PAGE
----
0-14 1,17 60 approx. 40 60
20 Mathew et al. 0-3   32 68  
    0-14   42 58  
22 Di Rocco et al. 0-1 1,22 47 53 41

Table 3: Comparison with previous studies.

Posteror fossa tumors has been considered typical for pediatric brain tumors [9-11].

An increase in tumours located supratentorially has been observed in our institution during the last decades. In the series done in 1984-88 [7] roughly half of the tumours were supratentorial, compared to 68% in our series. The age distribution nevertheless has remained the same, the trend indicating that children below 12 months most often present with supratentorial tumours. The present series enhances this shift, especially for small children in their first year of life. We also found a clear predominance of brain tumours presenting in the first year of life (31%), relative to 26% in the study from 1990 [7]. In a study from Sweden [8] only 16% of children under the age of 5 presented in the first year of life. The relative predominance of infants (0-12 months) with supratentorial and mostly low-grade tumours is in contrast to previous studies [12,13].

In our study, nine to ten children under 5 years underwent primary surgery each year in the period 2005-2011. This is an increase compared to the series from 1990 [7], were only five to six children were operated each year. The institution obtained an MRI machine in 1987 and this may explain why the number of primary surgeries has increased. In addition to surgery, 49% of the patients received chemotherapy, and 13% underwent radiotherapy. Radiotherapy is ideally avoided in children, especially in those under the age of five, due to the risk of growth failure and other long-term side effects, which are more pronounced in children than in adults [5,14]. In high-grade tumours though, chemotherapy and radiotherapy are important adjunctive therapies and must be considered in each case.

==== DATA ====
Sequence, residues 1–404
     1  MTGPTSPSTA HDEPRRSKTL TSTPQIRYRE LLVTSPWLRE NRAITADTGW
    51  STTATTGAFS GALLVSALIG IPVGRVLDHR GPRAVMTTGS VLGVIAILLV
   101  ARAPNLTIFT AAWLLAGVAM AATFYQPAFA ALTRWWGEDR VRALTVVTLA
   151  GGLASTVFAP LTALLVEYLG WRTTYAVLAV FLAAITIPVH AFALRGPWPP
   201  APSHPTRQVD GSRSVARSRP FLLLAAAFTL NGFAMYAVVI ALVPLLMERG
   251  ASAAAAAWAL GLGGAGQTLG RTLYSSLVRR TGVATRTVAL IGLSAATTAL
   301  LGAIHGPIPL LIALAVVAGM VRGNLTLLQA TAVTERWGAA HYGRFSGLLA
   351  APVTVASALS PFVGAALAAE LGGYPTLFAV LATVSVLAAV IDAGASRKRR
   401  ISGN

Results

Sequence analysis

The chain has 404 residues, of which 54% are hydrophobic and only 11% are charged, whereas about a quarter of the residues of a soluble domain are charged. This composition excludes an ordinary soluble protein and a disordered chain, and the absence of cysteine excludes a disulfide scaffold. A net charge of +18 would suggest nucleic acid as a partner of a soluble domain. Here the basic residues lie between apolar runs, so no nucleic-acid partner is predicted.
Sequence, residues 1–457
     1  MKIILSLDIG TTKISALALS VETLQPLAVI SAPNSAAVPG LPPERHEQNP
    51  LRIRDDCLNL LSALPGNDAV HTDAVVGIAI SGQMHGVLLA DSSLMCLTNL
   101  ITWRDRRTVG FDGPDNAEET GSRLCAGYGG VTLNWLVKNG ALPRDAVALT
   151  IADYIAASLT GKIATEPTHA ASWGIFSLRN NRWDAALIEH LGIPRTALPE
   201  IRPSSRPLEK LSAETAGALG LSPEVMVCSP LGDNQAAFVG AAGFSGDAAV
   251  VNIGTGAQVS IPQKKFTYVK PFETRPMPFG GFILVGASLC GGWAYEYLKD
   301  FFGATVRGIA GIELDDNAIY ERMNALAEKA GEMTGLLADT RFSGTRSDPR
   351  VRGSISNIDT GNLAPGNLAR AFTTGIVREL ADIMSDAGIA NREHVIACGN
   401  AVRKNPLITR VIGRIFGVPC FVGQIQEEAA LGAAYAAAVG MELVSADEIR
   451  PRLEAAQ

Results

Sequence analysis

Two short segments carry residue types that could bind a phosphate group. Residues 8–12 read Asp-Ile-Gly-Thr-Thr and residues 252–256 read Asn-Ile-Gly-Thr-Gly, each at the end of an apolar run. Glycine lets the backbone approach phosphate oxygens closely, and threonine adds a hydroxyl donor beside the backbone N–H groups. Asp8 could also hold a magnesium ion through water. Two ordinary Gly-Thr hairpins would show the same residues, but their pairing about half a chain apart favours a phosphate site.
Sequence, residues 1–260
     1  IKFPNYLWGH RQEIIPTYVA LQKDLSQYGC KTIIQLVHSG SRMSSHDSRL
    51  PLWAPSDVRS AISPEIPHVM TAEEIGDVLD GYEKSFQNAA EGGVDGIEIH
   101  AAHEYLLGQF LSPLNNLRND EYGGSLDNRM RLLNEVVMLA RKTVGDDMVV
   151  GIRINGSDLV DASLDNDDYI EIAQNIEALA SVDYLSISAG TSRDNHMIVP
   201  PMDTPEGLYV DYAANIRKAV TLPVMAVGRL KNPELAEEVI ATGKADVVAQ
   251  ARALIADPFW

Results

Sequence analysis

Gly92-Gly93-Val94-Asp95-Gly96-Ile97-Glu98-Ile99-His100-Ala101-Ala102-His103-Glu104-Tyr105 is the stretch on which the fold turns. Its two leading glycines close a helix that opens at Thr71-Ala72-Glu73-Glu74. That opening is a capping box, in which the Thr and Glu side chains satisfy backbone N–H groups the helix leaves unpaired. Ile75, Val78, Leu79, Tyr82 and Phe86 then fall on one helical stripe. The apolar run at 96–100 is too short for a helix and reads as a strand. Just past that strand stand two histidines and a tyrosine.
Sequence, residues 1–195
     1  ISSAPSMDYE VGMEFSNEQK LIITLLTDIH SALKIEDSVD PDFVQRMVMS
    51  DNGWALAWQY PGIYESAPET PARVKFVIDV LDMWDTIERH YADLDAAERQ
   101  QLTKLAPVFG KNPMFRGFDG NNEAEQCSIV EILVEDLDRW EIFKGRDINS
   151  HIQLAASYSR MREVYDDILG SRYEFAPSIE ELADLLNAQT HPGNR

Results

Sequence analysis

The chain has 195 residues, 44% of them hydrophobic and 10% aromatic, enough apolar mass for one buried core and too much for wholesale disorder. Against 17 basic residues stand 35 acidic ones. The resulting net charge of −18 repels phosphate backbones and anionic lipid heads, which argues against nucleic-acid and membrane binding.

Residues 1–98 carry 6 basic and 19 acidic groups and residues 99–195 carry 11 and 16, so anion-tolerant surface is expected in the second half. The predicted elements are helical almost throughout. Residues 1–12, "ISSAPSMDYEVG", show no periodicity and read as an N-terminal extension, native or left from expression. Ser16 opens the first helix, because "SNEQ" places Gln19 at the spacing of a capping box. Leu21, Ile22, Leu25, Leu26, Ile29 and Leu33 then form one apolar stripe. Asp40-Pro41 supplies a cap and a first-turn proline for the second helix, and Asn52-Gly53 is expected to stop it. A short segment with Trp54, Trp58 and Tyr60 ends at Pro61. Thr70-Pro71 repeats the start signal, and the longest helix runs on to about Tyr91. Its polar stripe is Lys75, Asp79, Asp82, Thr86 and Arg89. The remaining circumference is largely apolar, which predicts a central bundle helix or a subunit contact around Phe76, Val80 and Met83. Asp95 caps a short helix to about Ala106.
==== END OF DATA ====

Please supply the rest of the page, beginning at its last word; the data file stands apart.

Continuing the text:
The survival in children with brain tumour is highly dependent on the histology of the tumour, having a high-grade tumour being consistent with a poorer prognosis [8,10,11,15]. This is verified in our material with a 5-year OS rate being 86,6% among the patients with low-grade tumour and 61% among the high-grade tumour patients. In spite of the short observation period in this cohort it is a striking difference. Furthermore, the importance of GTR was clear, as OS was 94% compared to 66% in children with a more restricted resection. The importance of GTR has been underscored in many previous studies [11,15] and our results are in accordance with institutional as well as national and international series of patients [15].

Our study also revealed differences in mortality among the different age groups, being 14.3% in the first year of life compared to 20.3% in the 1-4 year old children. Lannering et al. [8] found that infants below 12 months had a significantly inferior prognosis compared to older children. This may be due to congenital brain tumours. In our series, however, the mortality was higher in the age group 1-4 years, consistent with the higher proportion of malignant tumours.

The predominance of tumour presentation in the first year of life in our cohort may indicate that these children were diagnosed early and treated accordingly, giving them a better outcome. Children below 5 years of age combined seem to have the same prognosis as older children with a 5-year OS rate estimated to 78% in the children below 5 years, and being 77.1% in children below 15 years of age in Norway [16].